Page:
Forum for Science, Industry and Business

Sponsored by:     3M 
Search our Site:


Responsibility in Gambling?


The Grand National spurs over a third of the adult population of the United Kingdom into having a flutter making it the country’s single biggest gambling event. However, even with the recent boom in internet gambling, problems with gambling are often overlooked.

Problem gambling is the subject of a new research venture funded by Economic and Social Research Council in partnership with the Responsibility in Gambling Trust (RIGT). Funding worth around £920,000 over a three year period has been awarded to six projects researching the impacts of gambling on those involved as well as the broader implications for society.

Robin Burgess, Director of RIGT, states "Problem Gambling has a profound effect on not only those involved but the wider community around them. This funding, as well as building the research capacity in this field, will help us to understand why people become involved in gambling, how people learn to control their addiction, and how we can prevent people from becoming Problem Gamblers.”

Projects, which are just beginning, will look at a range of issues including social contexts for problem gambling; how the distinction between problem and non-problem gambling is made; internet gambling; gambling-related brain responses in social and problem gamblers; impacts of gambling on family life as well as how young and vulnerable gamblers can be deterred. The research being funded has been chosen for its direct applicability to policy and practice in a neglected area. These studies will inform the way services are commissioned and how policy is formed.

“The ESRC is very pleased to be collaborating with the RIGT on this initiative. The studies proposed are of high quality and relevance, offering great potential for our understanding of harm related to gambling and how society can respond through regulation and the development of services,” says ESRC Chief Executive, Professor Ian Diamond.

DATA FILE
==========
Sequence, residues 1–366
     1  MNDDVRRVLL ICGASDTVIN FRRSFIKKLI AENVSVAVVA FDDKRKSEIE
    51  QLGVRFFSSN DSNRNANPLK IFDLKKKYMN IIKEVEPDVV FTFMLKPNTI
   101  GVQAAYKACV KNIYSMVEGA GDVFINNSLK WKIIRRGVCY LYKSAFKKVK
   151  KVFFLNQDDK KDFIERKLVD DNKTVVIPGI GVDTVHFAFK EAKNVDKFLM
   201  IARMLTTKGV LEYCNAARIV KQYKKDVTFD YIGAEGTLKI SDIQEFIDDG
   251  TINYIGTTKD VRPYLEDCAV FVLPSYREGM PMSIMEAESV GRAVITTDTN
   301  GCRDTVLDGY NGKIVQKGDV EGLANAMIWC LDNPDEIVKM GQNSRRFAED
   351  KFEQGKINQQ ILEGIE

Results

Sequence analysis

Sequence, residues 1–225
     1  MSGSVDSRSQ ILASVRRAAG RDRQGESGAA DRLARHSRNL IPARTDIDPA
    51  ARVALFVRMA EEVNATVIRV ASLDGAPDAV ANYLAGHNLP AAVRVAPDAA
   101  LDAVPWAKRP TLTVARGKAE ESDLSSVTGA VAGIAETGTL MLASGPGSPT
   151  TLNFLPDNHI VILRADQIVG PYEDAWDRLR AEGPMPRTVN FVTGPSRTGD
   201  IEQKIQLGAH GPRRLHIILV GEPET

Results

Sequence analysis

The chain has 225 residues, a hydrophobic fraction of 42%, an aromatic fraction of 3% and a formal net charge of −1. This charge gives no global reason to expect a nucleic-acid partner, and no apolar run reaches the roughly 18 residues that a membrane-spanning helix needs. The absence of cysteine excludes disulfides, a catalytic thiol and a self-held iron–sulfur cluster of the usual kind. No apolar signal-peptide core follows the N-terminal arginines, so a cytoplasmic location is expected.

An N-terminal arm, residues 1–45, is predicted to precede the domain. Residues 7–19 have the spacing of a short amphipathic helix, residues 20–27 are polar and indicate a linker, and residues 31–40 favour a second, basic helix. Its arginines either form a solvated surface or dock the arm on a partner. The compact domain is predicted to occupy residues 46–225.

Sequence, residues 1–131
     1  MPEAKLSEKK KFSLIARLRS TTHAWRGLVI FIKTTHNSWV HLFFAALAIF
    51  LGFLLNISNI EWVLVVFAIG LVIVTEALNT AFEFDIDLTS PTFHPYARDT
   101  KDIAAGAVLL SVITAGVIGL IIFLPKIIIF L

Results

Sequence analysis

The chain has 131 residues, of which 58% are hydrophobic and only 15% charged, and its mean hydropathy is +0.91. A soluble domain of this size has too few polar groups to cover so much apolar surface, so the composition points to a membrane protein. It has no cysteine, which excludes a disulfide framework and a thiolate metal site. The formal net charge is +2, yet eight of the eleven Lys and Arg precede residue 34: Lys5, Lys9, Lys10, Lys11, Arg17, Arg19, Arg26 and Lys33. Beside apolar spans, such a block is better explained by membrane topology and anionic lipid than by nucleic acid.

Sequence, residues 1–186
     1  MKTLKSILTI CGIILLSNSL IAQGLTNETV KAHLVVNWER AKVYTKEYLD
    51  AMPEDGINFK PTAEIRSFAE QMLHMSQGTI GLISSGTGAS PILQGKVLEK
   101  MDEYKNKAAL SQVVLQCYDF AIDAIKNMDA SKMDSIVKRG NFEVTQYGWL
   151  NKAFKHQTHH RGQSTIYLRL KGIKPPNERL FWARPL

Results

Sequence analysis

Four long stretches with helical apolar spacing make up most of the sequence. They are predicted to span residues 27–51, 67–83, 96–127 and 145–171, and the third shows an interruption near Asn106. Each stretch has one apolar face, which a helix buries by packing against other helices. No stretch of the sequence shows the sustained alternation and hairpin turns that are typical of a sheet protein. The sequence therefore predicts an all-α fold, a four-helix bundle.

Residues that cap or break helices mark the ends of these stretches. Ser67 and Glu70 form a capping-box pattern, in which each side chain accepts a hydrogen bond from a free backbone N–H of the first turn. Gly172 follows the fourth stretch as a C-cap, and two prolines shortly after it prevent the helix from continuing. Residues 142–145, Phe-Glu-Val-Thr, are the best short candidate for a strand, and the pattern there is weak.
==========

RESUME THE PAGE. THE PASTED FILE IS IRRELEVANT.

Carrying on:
The six projects funded through this venture include:

• Dr Gerda Reith and colleagues at the University of Glasgow and the Scottish Centre for Social Research, for a sociological study of routes in and out of problem gambling. Dr Reith has written extensively on the social, cultural and historical aspects of gambling, as well as the impacts of problem gambling

• A team at Goldsmiths, University of London, for an anthropological study of betting in bookmakers and a study of Chinese community betting. The main author, Dr Rebecca Cassidy, has previously published widely on horseracing.

• University Of Cambridge, for an MRI scanning study to identify brain responses to gambling tasks, especially near misses. Professor Trevor Robbins and Dr Luke Clark, who are leading this study, are world leaders in MRI scanning for compulsive behaviours.

• At University of Cardiff, Dr Stephanie Van Goozen and Dr Simon Moore will lead a multi-disciplinary study of the associations between deviant youth and impulsivity and lack of control to gamble

• Led by Dr Robert Rogers, a team at Oxford University will study internet gambling including personality traits and risk of on-line gamblers

• Professor Gill Valentine and colleagues at Leeds University for a study of patterns of play and harm in families about internet gambling.

Alexandra Saxon | alfa
Further information:

More articles from Social Sciences:

nachricht New population data provide insight on aging, migration
31.08.2016 | International Institute for Applied Systems Analysis (IIASA)

nachricht PRB projects world population rising 33 percent by 2050 to nearly 10 billion